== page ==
Disclosures of unreported incriminating information are rarely documented in research; researchers therefore often do not know how to respond when cases arise. Disclosure may occur when respondents volunteer information, without necessarily being asked, and presents an ethical dilemma. Researchers have to choose between maintaining confidentiality and public protection. Debate on confidentiality in research is ongoing; some advocate for totally preserving confidentiality, while others argue that certain situations warrant a breach of confidentiality.
George Nurse was born on 7 August 1928 in Vryheid, Natal, South Africa, the first of six children of a station master and his wife. Able to read and write at an early age, he read widely and voraciously, amassing knowledge which he deployed for the rest of his life. George was educated at Durban Boys High School and qualified in medicine at the University of Cape Town in 1951.
For most of us December 2010 is a fading memory; we will not share the pain felt by 1 500 families, grieving another festive season of carnage on South Africa's road system. From the top strong words have been spoken and promises made, but will anything change? Every month, 1 200 deaths occur on our roads, and this shows no sign of decreasing. If a jumbo jet crashed into OR Tambo's main runway each and every week, how long would we wait before we demanded action? The body count grows, but as we enter the World Health Organization (WHO)'s Decade for Action for Road Safety, is 2011 the year that we will stand up and do something? What also of the 60 000 South Africans who meet their end violently every year? If simple numbers cannot motivate us, can we be shamed into action by the fact that we have one of the highest rates of traumatic death in the world? Trauma is at epidemic levels in South Africa, but are we taking this epidemic seriously? Statistics suggest not.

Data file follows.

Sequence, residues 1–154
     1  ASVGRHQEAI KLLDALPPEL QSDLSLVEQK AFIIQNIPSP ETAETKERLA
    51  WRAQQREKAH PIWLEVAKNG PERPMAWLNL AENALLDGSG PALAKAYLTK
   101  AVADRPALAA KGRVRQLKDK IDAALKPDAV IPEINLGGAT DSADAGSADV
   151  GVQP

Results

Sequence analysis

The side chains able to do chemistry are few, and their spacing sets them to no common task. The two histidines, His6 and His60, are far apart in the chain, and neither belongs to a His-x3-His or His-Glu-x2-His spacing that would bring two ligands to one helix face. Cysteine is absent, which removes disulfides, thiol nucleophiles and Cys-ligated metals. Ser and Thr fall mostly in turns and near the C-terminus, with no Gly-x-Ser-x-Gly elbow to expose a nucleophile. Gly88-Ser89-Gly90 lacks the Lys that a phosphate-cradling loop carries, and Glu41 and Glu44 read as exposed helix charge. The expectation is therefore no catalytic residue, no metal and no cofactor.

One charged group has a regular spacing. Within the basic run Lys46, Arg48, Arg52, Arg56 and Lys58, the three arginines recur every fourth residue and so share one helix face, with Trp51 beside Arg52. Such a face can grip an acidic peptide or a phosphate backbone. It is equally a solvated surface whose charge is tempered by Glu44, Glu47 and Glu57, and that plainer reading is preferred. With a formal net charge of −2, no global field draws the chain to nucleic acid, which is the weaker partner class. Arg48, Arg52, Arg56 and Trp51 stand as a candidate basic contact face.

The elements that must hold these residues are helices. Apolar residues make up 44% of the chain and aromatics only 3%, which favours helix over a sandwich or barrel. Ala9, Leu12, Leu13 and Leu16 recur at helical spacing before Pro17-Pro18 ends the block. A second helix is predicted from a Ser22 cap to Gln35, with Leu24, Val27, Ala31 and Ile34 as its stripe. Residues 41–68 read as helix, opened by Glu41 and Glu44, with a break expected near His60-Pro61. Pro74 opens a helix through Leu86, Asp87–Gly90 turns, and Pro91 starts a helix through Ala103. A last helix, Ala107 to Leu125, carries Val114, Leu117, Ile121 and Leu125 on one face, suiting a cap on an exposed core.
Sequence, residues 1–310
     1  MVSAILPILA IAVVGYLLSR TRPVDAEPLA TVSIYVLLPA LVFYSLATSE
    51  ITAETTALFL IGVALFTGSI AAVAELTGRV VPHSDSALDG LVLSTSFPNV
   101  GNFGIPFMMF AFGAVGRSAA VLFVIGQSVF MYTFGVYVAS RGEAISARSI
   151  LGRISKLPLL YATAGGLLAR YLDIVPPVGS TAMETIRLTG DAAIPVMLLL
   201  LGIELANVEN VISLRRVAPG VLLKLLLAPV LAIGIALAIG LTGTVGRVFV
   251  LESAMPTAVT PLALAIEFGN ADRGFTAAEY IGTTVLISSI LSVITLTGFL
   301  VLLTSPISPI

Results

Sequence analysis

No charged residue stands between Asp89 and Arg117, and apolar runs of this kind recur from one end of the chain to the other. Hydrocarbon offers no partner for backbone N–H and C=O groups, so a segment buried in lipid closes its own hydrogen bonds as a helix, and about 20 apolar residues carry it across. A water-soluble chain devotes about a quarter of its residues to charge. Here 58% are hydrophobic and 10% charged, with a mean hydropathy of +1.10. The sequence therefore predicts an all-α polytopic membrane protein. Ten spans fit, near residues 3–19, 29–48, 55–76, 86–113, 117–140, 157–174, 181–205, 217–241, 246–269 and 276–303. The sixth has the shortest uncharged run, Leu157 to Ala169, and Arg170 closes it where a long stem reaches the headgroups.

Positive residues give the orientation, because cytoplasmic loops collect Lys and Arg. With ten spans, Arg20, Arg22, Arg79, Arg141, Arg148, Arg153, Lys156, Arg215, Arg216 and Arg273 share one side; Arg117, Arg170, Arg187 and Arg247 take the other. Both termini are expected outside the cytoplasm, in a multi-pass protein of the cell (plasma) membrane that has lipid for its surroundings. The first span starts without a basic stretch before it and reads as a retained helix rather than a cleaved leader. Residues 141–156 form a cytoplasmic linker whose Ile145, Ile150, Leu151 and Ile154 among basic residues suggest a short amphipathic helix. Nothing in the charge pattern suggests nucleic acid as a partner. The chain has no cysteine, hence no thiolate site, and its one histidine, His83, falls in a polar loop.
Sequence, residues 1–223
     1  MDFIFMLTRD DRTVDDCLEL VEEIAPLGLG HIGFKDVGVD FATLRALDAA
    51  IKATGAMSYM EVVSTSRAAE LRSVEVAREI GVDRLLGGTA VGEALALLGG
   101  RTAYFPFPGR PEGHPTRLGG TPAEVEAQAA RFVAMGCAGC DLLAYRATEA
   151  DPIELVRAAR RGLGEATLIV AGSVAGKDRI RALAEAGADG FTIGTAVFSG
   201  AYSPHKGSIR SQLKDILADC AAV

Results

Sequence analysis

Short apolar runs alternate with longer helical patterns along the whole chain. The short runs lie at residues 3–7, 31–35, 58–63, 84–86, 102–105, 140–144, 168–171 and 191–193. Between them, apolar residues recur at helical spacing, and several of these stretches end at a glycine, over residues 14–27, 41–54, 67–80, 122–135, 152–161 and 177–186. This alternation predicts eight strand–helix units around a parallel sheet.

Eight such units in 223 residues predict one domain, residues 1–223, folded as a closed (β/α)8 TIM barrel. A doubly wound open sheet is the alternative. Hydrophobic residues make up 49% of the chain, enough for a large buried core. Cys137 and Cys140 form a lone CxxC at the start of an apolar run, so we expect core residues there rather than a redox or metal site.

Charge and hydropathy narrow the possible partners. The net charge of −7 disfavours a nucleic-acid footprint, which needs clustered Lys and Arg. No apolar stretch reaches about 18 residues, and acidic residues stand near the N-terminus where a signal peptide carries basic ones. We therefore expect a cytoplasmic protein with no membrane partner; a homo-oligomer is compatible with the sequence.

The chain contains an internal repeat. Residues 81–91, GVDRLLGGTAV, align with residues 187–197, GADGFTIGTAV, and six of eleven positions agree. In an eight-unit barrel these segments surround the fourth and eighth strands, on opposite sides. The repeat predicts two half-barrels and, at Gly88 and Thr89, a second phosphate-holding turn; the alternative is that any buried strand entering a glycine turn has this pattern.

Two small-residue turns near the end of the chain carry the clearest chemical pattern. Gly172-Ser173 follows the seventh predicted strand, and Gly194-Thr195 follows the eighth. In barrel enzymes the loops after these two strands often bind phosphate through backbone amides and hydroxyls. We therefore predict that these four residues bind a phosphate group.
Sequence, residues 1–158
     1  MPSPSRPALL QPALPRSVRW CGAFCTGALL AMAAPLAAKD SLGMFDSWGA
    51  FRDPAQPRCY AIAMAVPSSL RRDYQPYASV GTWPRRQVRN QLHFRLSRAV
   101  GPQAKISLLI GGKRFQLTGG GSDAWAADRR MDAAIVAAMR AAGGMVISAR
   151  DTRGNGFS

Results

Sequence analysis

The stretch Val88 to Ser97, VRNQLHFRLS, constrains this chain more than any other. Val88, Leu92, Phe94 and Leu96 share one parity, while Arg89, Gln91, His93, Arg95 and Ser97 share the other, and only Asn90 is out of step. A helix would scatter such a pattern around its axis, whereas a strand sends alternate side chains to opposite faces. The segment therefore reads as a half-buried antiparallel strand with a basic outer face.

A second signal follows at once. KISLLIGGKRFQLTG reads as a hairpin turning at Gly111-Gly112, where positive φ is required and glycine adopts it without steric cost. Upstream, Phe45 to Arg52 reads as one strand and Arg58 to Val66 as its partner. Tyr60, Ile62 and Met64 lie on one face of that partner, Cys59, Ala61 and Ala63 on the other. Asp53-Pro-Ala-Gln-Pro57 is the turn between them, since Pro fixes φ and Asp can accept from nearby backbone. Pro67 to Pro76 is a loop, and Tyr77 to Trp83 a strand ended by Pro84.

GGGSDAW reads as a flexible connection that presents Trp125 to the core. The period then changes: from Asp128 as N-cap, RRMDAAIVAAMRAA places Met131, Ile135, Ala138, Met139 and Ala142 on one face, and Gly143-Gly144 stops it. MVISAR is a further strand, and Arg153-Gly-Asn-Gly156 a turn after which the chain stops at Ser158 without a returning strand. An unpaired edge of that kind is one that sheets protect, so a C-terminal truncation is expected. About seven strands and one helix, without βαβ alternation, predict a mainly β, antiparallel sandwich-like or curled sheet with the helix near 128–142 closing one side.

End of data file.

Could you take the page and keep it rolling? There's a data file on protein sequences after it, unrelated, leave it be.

To the Editor: Endotracheal intubation is performed in the prehospital and emergency department (ED) environments by advanced life support (ALS) paramedics and emergency doctors. Cuffed endotracheal tubes (ETTs) are used in adults and more recently in children to ensure that the airway is protected, and to prevent air leakage between the wall of the trachea and the ETT during positive-pressure ventilation. Cuffs are typically high volume, low pressure in their design and have a safe working pressure of <30 cm H2O in adults and <20 cm H2O in children.